The Guildhall, after 1545, soon established as the centre of civic life in Boston and remained so until relatively recent times. In fact, every mayor of the town was elected in the building from Nicholas Robinson (or Robertson), who resigned as warden of St. Mary's Guild to take up the post in 1545, through to William Weightman in 1887. There are references from the 1660s to show that the Guildhall was used for May Day dinners and, on one occasion at least, for the mayor elect to entertain. Turtle soup and swan were on the menu for the May Day civic dinner in 1723. The Guildhall did not have its own kitchens until Tudor times, so food would be brought in ready cooked, possibly from the kitchens of the next door friary. It was hot, hard work in the kitchens - considered too arduous for women or children - where one of the worst jobs was hand turning the roasting spit, or "broche". Meals were meat based - roasted, boiled, fried and stewed - and diners certainly did not get their five a day. In Georgian times vegetables only appeared on the plate as a garnish. One particularly interesting mayor during this period was Atherton Hough, who was elected in 1628 and was also a church warden. It was he who, in this very Puritan town, damaged the statue of St. Botolph, which still stands on a pinnacle on the parish church tower, because he believed it looked like the pope!


In the autumn of 1607 a group of men, women and children met a boat on the edge of The Wash at Scotia Creek, Fishtoft, near Boston. They had walked 60 miles from Scrooby, near Gainsborough, to meet a sea captain to travel across the North Sea to Holland where they hoped to live in religious freedom away from the authority of the English Church. Once on board officers seized the group, informed by the sea captain who had betrayed them, and they stood accused of leaving the country without the King's permission. They were taken onto open boats whilst their possessions were ransacked. These open boats brought the Pilgrim Fathers into Boston and they were brought before the magistrates in the Guildhall, which was not only used as a place of assembly for public business but also for the Quarter Sessions for the Borough. The members of the group were led by William Brewster but an account from William Bradford, a member of the group who went on to serve as the Governor of Plymouth Colony almost every year between 1621 and 1656, states the Separatists were treated tolerably well in the town in which there were many Puritan sympathisers including some among its leading citizens. The Pilgrim Fathers were eventually discharged and they were returned to their homes in Nottinghamshire and North Lincolnshire. They later succeeded in reaching Holland the following year by another route and later sailed from Plymouth in the Mayflower for the New World in 1620.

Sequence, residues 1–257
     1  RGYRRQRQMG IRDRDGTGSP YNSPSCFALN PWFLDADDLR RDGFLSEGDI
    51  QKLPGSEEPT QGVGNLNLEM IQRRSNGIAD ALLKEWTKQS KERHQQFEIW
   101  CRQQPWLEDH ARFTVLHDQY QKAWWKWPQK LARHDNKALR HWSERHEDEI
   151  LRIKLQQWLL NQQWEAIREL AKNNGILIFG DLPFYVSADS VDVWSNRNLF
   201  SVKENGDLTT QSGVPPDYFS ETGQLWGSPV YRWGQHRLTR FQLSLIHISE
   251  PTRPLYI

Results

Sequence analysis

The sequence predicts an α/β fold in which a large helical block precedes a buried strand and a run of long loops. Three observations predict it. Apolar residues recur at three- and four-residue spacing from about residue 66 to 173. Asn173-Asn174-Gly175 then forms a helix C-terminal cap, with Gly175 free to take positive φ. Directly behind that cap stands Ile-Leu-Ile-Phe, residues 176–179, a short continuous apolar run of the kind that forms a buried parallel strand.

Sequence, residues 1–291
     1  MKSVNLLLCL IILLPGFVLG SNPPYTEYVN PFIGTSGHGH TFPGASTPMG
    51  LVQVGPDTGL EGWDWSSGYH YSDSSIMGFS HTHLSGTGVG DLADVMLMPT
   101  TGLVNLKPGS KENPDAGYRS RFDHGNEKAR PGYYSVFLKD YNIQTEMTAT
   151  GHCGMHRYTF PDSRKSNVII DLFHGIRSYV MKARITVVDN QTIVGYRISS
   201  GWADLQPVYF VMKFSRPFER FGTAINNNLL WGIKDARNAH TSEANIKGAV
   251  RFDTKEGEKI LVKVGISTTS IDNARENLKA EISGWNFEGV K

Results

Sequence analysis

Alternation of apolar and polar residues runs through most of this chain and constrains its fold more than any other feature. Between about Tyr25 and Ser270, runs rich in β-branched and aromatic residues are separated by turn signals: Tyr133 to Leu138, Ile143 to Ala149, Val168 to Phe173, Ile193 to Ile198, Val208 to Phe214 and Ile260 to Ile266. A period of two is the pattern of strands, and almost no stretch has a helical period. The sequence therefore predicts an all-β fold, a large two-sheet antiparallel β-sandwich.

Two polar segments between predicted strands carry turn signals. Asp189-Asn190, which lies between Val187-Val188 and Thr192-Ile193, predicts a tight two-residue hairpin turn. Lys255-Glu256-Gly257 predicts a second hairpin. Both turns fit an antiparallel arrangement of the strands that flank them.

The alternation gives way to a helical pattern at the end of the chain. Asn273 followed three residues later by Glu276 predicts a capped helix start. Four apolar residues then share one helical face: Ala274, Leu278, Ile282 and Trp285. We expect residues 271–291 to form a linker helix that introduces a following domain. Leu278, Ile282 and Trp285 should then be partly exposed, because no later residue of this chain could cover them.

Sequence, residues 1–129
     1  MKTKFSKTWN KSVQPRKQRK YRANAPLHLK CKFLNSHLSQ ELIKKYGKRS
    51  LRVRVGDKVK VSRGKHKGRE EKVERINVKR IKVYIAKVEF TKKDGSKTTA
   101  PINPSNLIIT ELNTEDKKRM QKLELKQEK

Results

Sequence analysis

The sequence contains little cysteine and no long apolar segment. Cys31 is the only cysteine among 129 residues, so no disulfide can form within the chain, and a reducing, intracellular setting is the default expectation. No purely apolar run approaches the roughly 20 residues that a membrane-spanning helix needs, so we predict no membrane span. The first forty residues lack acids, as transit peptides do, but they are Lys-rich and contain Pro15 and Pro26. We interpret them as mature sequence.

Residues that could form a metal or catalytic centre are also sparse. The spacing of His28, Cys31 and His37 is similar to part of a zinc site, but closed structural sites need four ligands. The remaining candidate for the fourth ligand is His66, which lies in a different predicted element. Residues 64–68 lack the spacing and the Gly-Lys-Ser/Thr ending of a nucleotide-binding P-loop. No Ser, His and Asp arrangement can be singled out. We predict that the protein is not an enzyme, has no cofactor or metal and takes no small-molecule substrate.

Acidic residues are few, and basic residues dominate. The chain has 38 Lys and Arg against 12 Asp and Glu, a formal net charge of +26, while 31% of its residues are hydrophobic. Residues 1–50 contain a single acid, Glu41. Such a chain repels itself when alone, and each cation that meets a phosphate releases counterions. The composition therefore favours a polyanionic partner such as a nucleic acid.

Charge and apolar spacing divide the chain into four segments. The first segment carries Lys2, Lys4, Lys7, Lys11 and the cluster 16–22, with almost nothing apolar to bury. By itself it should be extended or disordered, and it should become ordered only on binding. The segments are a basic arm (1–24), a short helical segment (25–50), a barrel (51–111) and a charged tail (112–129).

Towards the end of the First World War the Corporation, aided by Government funding, established a National Kitchen in the Guildhall. During 1918 and 1919 free meals were provided for the needy and supplies of milk were given in many cases to expectant and nursing mothers. Evidently the Guildhall was considered a suitable venue for eating in as in 1918 a Lieutenant-Colonel Borrell even requested that it be used also for messing his troops. His request, though, was curtly rejected by the Council and he was told that "there were several other large buildings in the town that might be available.....". During the Second World War the Guildhall was used as a British Restaurant, managed by Miss Nora Carter, offered nourishing three course lunchtime fare and regularly attracted between 200 and 400 people in a session. On one occasion it even apparently fed 1,000 soldiers who suddenly descended on it. The meals were prepared in the kitchen, with the dining rooms on the upper floor.


Today, a selection of the objects and works of art are on display in the Guildhall at any one time, with the remainder of the collections being stored and accessible by arrangement. The collection includes some interesting items, including paintings by W.B. Thomas and S.G. Enderby and a portrait of Sir Joseph Banks during his time as Boston Town Clerk, a copy of Foxe's 'Book of Martyrs' and artefacts from various archaeological excavations. Text panels, touch screen interactives, a film and audio in the Banqueting Hall and Kitchen enhance the visitors experience and the objects and art work on display. Trails, colouring pages, brass rubbing, sand pit boxes with archaeological finds and a dressing up box are also available for visitors to explore.


The main entrance and reception area is situated on the ground floor with step free, level access, throughout. Full access to the showcases and around the ground floor spaces to wheelchair users is available throughout. The lift can hold 4 people and is operated by holding the selected floor button in whilst using the lift. The upper floors are level with floorboards throughout. There is one unisex accessible toilet locatable on the ground floor. The light, easy opening door opens into the gallery space to give maximum access to the toilet area. There are two vertical rails either side of the basin There is a fixed rail to the wall by the toilet horizontally and one rail which can be dropped down horizontal to the toilet on the other side. The toilet is low with a wide handle lever to flush. Assistance dogs are welcome.


Location : Boston Guildhall, South Street, Boston, Lincolnshire PE21 6HT

Transport: Boston (National Rail) 0.7 miles. Bus Routes : 7, 12, A1, A6, B11, G31, IT6 and K58 stop close by

Opening Times House: Wednesday to Saturday 10:30 to 15:30

Tickets : Free Admission

Tel: 01205 365954